“I agree. Let’s take this pattern holder out to where we were looking at the other one.”
Back at the table they’d occupied previously, the duo opened the book to the first page. What they saw was an enlarged version of two single shapes. Beneath the shape was the picture of an apple. Below that was a pattern of shapes with the enlarged one on the page in the first position in the pattern.
“This picture is an apple,” Lincoln said. He immediately apologized. “I don’t know why I said that. I didn’t mean to insult you.”
“It’s all right. See how one of the single shapes is first the pattern below the apple. Do you think that’s important?”
“Do you think the shape means ‘apple’?” he asked.
“I haven’t thought about that,” she said without looking away from the book. “Turn the page.”
Lincoln smiled at her no-nonsense tone and thought she doesn’t know how bossy she sometimes sounds. He turned the page. The two facing pages had layouts identical to the first page. But, the single symbol, the picture below the shape, and the pattern of shapes under each picture were unique to each page.
“Look!” Marin’s excitement flared. “One of the shapes on the first page appears on both of these pages as well!”
“Yes, but see how, in the picture of the boat on the second page, the shape from the first page is in the third spot in the pattern.”
“What is this picture?” Marin asked as she pointed to the third page.
“I don’t know,” Lincoln admitted after several seconds of brow-furrowing concentration. “I thought I recalled a memory of such things, but—”
“Remember the pictures from The Day the Earth Shattered?” Marin interrupted. Her eyes sparkled with anticipation.
“I do. Oh, I do! That’s very good, Marin. Many of these items line strips of tarred surfaces. Some believe that they were a form of transportation.”
Marin frowned. There are wheels on these items. Why are there no horses to pull them in any of the images? She ignored the thought and focused on the pattern of shapes below the picture.
“See? Here is the crescent moon-like shape in the first position. But the same shape from the first page at was in the first spot there and the third spot on the boat page. Now it’s in the second spot.” Marin’s excitement escalated with each revelation.
“I see that. Let’s predict the spot for that shape on the next pages?”
“At this point, I prefer to call my idea a guess,” Marin said. “I think that because it was on the first page, one of those shapes will be on each and every page.”
“I like that. I will call it a prediction. Please turn the page and—”
When she turned the page, her face fell. Only one oversized shape from the first page appeared on either of the newly exposed pages.
“I was wrong,” she grumbled.
Lincoln bit his tongue. He studied the two pages for several seconds before he spoke.
“The picture on this page is a dog. But, I don’t know what this is,” he added as he touched the picture on the fifth page of the book.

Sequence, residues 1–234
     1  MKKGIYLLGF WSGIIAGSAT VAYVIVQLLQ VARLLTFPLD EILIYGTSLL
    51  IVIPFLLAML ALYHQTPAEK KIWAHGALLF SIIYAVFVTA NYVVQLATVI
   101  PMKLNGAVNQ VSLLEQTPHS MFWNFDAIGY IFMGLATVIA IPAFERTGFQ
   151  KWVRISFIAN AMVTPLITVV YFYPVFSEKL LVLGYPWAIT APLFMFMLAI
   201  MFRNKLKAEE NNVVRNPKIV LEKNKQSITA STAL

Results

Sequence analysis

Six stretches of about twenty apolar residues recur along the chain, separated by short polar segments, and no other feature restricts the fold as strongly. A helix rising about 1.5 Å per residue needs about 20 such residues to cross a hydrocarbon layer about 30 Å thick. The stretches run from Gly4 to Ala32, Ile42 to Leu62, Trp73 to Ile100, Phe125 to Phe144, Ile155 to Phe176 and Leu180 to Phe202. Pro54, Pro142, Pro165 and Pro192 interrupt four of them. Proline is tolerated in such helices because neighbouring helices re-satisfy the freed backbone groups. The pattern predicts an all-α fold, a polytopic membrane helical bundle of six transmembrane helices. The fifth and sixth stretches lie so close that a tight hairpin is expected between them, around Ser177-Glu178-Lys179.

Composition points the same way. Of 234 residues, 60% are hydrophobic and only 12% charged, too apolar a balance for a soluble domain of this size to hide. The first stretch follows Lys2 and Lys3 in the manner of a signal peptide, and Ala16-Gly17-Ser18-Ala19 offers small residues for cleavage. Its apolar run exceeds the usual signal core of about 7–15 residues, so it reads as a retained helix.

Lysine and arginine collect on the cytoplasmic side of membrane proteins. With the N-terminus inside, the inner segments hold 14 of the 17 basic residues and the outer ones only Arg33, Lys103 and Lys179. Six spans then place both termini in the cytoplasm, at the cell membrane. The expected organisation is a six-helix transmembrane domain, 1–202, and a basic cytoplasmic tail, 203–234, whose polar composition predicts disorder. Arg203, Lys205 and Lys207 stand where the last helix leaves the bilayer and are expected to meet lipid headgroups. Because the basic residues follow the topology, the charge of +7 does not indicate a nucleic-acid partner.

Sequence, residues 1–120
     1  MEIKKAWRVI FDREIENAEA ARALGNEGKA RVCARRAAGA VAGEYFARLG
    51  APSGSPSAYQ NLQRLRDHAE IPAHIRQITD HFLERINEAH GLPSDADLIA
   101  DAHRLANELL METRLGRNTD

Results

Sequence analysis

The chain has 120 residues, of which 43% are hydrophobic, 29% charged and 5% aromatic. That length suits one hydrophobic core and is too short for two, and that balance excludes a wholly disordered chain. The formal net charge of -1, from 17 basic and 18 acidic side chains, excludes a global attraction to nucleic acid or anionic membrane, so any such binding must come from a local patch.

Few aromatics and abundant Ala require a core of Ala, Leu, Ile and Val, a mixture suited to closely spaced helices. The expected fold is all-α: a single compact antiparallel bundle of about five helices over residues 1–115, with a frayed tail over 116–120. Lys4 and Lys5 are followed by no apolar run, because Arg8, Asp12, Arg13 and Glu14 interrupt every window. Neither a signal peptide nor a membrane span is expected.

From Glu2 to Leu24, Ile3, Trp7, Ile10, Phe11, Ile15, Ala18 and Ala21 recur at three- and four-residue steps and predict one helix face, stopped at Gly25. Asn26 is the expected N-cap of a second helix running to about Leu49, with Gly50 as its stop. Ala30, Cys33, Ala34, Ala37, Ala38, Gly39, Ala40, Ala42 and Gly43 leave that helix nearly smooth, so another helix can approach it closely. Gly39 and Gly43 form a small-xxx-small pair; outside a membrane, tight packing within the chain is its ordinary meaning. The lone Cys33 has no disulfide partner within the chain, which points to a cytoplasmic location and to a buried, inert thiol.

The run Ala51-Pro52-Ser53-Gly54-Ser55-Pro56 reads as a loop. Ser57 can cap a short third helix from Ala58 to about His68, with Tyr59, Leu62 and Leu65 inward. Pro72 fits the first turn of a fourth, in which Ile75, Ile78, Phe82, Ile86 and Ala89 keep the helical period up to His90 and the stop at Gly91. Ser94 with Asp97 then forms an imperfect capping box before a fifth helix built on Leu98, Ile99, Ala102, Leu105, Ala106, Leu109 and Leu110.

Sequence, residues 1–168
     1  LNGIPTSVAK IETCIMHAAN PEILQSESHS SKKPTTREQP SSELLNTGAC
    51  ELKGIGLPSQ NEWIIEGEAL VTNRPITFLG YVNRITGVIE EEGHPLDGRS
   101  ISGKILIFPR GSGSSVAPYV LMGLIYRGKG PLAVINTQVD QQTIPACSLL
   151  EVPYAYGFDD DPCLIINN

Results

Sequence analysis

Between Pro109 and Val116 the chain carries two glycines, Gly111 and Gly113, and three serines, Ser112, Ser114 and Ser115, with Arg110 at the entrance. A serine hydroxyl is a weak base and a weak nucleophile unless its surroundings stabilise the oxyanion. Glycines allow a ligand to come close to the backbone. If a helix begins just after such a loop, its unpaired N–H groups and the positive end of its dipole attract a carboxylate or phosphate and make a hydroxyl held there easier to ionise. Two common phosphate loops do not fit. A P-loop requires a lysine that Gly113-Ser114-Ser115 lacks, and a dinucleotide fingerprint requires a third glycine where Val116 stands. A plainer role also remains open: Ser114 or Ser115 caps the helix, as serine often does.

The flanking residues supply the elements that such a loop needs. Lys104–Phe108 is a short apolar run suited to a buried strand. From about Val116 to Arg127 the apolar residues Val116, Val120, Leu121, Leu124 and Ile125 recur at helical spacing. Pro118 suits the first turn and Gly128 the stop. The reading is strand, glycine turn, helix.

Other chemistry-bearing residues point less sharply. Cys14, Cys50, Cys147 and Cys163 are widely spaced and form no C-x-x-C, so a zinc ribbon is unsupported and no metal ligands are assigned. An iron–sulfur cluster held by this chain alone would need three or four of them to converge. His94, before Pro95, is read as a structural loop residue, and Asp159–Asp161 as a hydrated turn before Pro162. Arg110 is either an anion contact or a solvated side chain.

“It must be a made-up animal,” Marin observed. “It has four legs and what looks like a tail.”
“I see those, but if these are ears,” he said as he pointed at the picture. “If they are ears, they are much too big to be real.”
“I agree. It looks like a child drew this. Look at what is where the nose should be.”
“Long and gray. It looks like a snake. It could be a drawing by child artist.”
They sat in silence for several seconds before Marin sighed.
“Look closely,” Lincoln encouraged. He pointed at the shape in the second position in the sequence beneath the dog.
“What? Oh, wait. That shape is in . . .” she paused and counted. “It is in the second place under the boat.”
“Yes,” Lincoln agreed. “Here is one of the shapes from the top of the first page.” He pointed to the appropriate letter in Elephant.
“Other shapes from the first page are in the pattern under the child’s drawing, too,” Marin said. She pointed to the lower case e and p.
“So, what do we know?” he asked.
“The patterns of shapes are different lengths on different pages. And the place where a shape is found is different, too,” she answered.
This time there was silence for a full two minutes. Neither member of the pair was willing to admit defeat. Yet, neither was willing to turn the next page, either.
“It’ll be dark soon,” he said. “Let’s leave now. If we don’t we’ll have to travel on the strips of tar without light to show the cracks and broken pieces.”
“I know. It’s just that I feel like we’re close to something. Something important,” Marin mused.
“The books don’t have legs or wings. They will be here in the morning.”
“I know.” She stood.
Lincoln closed the book.
They exited the Lib’ry in tandem. On their way out of the building, they passed a plaque. It too displayed patterns of shapes.
The Regents of the University of California dedicate this library annex to the preservation of knowledge.
October 12, 2---
Built in a forested mountain area northeast of Berkeley, the building was unknown to most of those who lived nearby. There was evidence, also passed by, but ignored by the couple, that others had known of this place in the past. A few bleached human bones littered the area just off what had once been the portico.
“I wish I was more like you,” Marin said as she stopped beside Lincoln outside the Lib’ry.
“I can’t imagine why you’d want that.”
“I know you’ll sleep well tonight. On the other hand, I will lie awake thinking. I’ll drift off just before sunrise and wake up in a foul mood. You. You’re never in a foul mood.”
Oh, dear Marin. If you only knew the troubling thoughts running through my mind. There will be no sleep for me tonight. I must talk with the Council. I have an uneasy feeling about what those shapes and the patterns they form might mean.
He intertwined his fingers of his right hand with those of her left, but he said nothing.